A rare black seal who was near death when he was discovered on a remote Scottish beach has been nursed back to health.
Named Bagheera, after the black panther in Disney’s Jungle Book, the Atlantic grey seal was just a third of his normal weight when he was found on Mull.
Bagheera may not have had a fairytale start in life but his story had a happy ending when he was successfully released back to the wild last week.
The seal spent the last four months recuperating, in the care of the SSPCA’s National Wildlife Rescue Centre team, at Fishcross, Alloa.
Dave Sexton, an RSPB officer on Mull, first noticed the motionless black creature after escorting Channel 5’s Wild Britain film team to remote Killiechronan beach, in search of sea eagles.
He said: “We weren’t sure what it was when we first saw it. It was such an unusual colour for a grey Atlantic seal. I have never seen a black seal before. They are very rare.”
Mr Sexton added: “He was washed up on the high tide mark and we thought he was dead, but he put his head up and we saw he was alive but really underweight. I think another day or two and he would have died.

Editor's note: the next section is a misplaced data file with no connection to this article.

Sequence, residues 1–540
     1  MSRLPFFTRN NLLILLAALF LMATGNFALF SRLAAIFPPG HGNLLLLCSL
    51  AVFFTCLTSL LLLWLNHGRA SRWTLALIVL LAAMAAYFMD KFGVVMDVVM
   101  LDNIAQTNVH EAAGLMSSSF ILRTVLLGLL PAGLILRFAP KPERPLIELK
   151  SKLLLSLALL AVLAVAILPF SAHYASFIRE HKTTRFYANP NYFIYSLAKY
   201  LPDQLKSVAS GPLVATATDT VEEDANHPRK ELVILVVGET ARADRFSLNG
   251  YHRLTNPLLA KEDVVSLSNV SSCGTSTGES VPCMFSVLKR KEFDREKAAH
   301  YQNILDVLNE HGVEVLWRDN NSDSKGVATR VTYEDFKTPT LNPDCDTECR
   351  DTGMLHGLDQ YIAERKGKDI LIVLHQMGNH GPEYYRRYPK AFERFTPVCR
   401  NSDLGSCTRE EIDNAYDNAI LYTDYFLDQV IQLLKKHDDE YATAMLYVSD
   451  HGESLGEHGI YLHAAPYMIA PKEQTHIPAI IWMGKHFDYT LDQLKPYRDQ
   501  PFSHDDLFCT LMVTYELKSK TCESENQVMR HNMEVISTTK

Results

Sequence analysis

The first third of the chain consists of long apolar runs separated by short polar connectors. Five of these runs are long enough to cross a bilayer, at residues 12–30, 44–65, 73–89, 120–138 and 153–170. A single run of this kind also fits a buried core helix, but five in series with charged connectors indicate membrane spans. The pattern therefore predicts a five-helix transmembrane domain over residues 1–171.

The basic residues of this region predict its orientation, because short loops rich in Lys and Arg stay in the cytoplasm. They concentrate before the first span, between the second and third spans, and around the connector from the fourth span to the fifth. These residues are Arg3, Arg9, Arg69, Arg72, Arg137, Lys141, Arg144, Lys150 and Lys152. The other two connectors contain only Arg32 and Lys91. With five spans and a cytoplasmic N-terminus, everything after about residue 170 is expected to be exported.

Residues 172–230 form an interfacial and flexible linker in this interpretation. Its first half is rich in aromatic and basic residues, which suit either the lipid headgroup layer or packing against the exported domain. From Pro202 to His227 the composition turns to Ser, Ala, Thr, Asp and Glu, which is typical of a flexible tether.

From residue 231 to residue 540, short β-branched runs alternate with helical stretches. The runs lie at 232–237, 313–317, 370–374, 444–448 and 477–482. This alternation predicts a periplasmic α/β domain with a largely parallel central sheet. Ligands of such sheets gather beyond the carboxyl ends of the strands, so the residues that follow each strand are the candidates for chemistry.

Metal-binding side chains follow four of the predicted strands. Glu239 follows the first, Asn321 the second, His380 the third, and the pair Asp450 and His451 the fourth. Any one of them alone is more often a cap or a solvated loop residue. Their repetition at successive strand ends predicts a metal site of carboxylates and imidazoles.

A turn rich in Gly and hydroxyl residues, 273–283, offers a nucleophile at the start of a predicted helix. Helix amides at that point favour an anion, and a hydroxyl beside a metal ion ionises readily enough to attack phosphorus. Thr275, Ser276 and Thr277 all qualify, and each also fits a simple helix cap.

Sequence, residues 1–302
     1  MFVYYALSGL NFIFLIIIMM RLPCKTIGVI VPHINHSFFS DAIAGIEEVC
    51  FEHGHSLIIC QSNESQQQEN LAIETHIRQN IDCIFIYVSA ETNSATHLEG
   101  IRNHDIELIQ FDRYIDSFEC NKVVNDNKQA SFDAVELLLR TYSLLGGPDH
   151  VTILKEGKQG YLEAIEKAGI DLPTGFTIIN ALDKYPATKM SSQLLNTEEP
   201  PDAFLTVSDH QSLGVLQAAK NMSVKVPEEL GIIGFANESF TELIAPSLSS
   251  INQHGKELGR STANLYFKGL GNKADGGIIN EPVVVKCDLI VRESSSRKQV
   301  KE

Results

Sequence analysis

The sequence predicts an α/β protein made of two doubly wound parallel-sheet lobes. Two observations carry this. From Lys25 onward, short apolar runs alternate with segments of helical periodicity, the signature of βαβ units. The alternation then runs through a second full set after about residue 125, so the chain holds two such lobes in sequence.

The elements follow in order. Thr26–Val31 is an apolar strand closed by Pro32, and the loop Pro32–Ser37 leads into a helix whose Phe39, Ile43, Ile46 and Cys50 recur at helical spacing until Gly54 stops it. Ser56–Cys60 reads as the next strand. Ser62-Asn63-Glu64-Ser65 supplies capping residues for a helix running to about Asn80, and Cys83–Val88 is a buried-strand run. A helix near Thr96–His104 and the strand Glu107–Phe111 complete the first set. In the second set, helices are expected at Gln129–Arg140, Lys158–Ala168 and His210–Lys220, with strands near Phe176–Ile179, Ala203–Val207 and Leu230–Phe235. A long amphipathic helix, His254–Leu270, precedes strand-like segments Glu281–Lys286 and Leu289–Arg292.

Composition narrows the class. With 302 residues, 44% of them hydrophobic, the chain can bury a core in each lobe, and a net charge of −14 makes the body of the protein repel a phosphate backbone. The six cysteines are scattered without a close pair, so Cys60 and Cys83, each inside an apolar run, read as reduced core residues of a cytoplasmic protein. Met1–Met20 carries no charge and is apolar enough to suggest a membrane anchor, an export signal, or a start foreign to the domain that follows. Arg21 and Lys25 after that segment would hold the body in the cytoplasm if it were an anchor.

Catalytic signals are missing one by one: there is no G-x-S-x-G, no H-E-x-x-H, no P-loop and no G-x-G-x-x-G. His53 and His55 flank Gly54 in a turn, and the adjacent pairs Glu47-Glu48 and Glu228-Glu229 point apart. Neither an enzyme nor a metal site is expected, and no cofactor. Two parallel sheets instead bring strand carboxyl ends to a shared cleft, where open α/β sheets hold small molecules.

“He was at the age where he would have been left to his own devices by his mother, but he was clearly unable to support and feed himself and he no longer had his mum.
“He is probably from the Treshnish Isles as that is the nearest seal colony, it was during a period of stormy weather so he had probably been thrown along at sea before being washed up at Killiechronan beach.”
When Bagheera was found on 10 November, aged four to five weeks old, he weighed just 11 kilos when he should have tipped the scales at 30 kilos.
After Mr Sexton raised the alarm the seal was taken by staff from The Scottish Sea Life Sanctuary in Oban, to the SSPCA rescue centre, where he was helped back on the road to recovery by manager Colin Seddon and his team.
Having ensured that Bagheera can now fend for himself, the SSPCA arranged for his release off the west coast.
Grey seals are usually born white but their coat changes colour when they shed their fur at about two to three weeks old.
Most male grey seals are darker in colour than the females of the species, but black seals are a rarity.
Black seals are known as melanistic, as their dark colour is a result of excessive melatonin.
A jet black seal pup was found at the Lincolnshire Wildlife Trust’s Donna Nook Reserve in November last year.
A spokeswoman for the trust said: “They all have that white fluffy coat when they are born and they moult to reveal their first waterproof adult coat, ready to go out to sea. Normally that’s a kind of greyish colour with dark splodges.”